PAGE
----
from ‘the War Illustrated Deluxe’ vol. I page 232
'The First Historic Battle
of the Polish Rivers'

The Great Episodes of the War

crossing a pontoon bridge somewhere on the Polish front


In these wild days it is given us to witness as mighty and terrible things as are recorded in history. Since Alexander the Great defeated a million Persians at Nineveh, there has not been so sudden a destruction of the tremendous military power of an ancient Empire as that which befel Austria-Hungary in the middle of September, 1914. The Russian victory between the Vistula and San Rivers was the grand event of the first part of the war. After it, Austria practically disappeared, the remnants of her main forces being merged in the eastern armies of Germany. The Hapsburg dynasty, that for six hundred years had controlled the destinies of Central Europe, came to an end. The upstart Hohenzollern was, for the rest of the war, the real master of both Teutonic Empires.

Such were the consequences of the greatest victory of modem times. By three rapid blows the Grand Duke Nicholas of Russia reduced a million of the best soldiers of Austria-Hungary and Germany into a fleeing mob without fighting power. Nobody expected the Russians to fight in this manner, not even their Allies. It was a strange new Russia that emerged on the battlefield, with all the old slackness, slowness, muddle-headed, passive strength of Russian warfare transformed into the speed of a Napoleonic campaign, on a vaster scale than Napoleon ever fought.

Except that the Austrian commander, General von Auffenberg, allowed himself to be lured far away from his railways into Russian Poland, the enemy combated at good advantage. He chose an excellent position in the rolling, wooded country between the Vistula and the Bug Rivers, with the broad stream of the San as his southern line of defence. A German force of some 150,000 men, with heavy artillery, entrenched on hills a thousand feet high, with a river running at the foot and moating their earthworks. They formed the central point in the battle-front at Turobin, and some 900,000 Austrians, Hungarians, Italians from the Trentino, and subject Slav soldiers extended the line for 200 miles. They had 2,500 pieces of artillery, and machine- guns in extraordinary abundance.

So formidable were the positions and the armament of the Austrians that our ally had to withdraw large numbers of its men from Eastern Prussia to help in the attack. No outflanking movement was possible. The wide, deep, strong, unbridged waters of the Vistula protected the first Austrian army near Krasnic. Besides, Austrian war-boats, with quick-firing guns, joined in the battle from the Vistula—as our monitors afterwards did off Nieuport, on the North Sea. The second army held the central hill country from Turobin to Tomashov. The third army was pivoted on the great fortress of Przemysl, in Galicia. Altogether, the Austrians were as strongly posted in Russian Poland in the first week of September as the Germans were in France in the middle of the following month. The Turobin heights were, indeed, more difficult to storm than the plateau of the Aisne, and siege-guns were mounted on them.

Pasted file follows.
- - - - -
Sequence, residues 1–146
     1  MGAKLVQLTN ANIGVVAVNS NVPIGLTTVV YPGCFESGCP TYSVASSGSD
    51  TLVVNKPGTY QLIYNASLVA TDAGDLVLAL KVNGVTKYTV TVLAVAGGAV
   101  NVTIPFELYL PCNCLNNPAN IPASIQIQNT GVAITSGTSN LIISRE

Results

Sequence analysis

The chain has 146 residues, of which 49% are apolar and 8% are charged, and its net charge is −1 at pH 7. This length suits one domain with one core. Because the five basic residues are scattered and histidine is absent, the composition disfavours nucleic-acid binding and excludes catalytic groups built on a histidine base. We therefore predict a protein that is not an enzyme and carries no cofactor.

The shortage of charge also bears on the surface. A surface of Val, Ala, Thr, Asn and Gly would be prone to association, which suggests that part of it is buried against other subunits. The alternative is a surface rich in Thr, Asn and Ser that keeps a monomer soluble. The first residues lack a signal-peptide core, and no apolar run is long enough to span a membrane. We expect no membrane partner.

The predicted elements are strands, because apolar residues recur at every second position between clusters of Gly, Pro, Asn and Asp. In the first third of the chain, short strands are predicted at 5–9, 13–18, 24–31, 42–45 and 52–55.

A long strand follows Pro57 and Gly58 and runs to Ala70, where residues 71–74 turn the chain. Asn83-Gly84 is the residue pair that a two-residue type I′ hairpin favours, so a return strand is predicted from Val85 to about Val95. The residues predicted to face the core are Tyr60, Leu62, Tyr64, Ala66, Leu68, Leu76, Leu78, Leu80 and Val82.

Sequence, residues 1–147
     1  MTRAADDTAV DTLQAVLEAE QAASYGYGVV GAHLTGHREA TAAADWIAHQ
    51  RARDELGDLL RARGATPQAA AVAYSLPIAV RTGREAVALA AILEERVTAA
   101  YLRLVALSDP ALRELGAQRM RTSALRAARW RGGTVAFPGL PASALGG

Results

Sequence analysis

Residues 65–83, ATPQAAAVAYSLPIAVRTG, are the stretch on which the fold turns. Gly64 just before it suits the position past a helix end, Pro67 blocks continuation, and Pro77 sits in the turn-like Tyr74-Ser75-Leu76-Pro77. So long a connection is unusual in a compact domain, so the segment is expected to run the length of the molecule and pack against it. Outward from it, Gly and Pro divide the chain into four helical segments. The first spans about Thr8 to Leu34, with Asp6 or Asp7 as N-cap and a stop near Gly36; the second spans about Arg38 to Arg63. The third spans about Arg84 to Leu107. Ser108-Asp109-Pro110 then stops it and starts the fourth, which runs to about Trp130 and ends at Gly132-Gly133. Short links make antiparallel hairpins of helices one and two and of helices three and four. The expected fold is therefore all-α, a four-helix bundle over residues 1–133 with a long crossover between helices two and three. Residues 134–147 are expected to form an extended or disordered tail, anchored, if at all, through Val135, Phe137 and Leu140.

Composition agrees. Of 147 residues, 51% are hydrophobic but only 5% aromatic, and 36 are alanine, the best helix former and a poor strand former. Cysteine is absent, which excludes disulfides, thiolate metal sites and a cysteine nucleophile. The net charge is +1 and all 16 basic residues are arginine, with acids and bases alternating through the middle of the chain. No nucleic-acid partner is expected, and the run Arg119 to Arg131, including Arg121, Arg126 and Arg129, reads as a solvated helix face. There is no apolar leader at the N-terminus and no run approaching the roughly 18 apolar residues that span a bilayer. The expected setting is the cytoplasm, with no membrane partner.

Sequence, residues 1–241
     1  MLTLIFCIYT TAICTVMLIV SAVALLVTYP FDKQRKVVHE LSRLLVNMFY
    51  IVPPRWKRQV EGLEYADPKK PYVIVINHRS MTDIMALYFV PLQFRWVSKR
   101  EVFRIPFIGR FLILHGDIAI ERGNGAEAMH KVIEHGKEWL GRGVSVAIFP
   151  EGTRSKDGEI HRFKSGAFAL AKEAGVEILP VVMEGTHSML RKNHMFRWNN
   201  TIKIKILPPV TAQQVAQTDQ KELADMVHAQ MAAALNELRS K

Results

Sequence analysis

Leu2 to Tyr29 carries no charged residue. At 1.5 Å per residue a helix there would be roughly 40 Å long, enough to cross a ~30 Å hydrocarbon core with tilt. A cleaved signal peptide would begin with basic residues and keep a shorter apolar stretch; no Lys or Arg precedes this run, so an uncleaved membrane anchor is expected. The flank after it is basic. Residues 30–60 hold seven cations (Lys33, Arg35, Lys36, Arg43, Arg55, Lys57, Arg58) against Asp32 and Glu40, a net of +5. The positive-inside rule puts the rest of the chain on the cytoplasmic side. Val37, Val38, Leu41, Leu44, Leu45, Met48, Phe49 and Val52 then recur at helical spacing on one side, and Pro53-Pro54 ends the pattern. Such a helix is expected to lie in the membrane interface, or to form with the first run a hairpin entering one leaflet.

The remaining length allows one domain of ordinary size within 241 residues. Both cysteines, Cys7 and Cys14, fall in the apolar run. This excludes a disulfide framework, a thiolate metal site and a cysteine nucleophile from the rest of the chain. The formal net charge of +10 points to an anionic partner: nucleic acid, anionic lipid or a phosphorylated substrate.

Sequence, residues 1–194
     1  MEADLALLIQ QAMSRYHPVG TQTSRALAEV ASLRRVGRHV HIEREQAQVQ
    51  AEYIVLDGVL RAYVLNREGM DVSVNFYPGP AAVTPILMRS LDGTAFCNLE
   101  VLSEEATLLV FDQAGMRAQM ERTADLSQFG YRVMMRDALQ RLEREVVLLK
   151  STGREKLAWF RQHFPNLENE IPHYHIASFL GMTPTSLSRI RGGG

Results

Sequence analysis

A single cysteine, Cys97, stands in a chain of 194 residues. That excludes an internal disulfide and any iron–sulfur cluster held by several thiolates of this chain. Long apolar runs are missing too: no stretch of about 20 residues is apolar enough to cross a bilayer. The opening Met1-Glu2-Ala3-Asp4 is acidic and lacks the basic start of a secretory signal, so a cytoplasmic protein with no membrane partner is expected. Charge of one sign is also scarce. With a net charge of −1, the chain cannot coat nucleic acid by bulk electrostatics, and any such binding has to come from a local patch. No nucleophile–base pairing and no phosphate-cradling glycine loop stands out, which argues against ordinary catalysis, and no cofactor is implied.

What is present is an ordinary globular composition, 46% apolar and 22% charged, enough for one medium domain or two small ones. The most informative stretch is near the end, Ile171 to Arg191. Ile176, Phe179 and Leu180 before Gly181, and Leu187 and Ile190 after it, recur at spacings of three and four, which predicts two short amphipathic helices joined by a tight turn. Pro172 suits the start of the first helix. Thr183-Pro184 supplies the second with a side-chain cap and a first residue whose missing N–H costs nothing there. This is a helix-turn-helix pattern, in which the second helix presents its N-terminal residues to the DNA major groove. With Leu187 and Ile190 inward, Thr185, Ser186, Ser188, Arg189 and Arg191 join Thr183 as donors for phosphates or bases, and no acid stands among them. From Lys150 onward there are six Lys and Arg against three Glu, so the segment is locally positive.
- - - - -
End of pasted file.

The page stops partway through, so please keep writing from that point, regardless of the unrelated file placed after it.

From the point of view of the Teutonic strategists, they had recovered from the reverse at Lemberg by bringing their opponents suddenly to the position of stalemate. A frontal attack, against such terrific power of heavy and light artillery and such masses of riflemen as they had placed and entrenched, was impossible. There remained only a slow, open-air siege battle.

But since the first modern siege battles had been fought in the Manchurian campaign a new school of strategists had arisen in Russia. In flat contradiction to German ideas, the Russian military experts held that a frontal attack, if properly managed, was bound to succeed at a heavy, but justifiable, sacrifice of troops.

And it did succeed. Terrible as were the odds against him, the Russian infantryman proved that the bayoneted rifle was the master even of the modern gun. On September 10th the front of the first Austrian army, resting on the Vistula, under the command of General Dankl, was pierced and shattered. None but the Russians could have done such a thing. They alone of the Allies had the tremendous numbers necessary for prevailing against modern artillery.

The battle opened at the beginning of September with the usual artillery duel. Slowly, stubbornly, the quiet, patient Russian peasant advanced under the cover of his big guns. Then, when he seemed to have reached the edge of safety, he charged. He fell. His immediate supports came on at a run. They fell. But a great army was behind them, ranged company after company, regiment after regiment. Every yard the dead and wounded won in front was held by their advancing, inexhaustible supports. In the night, when the defending gunners could not distinguish friend from foe, the bayonet came over the Austrian trenches, stabbing, thrusting as it passed. Behind, the Russian guns were pushed along the path of the victorious infantrymen, and great masses of Cossack cavalry rode in advance of the guns.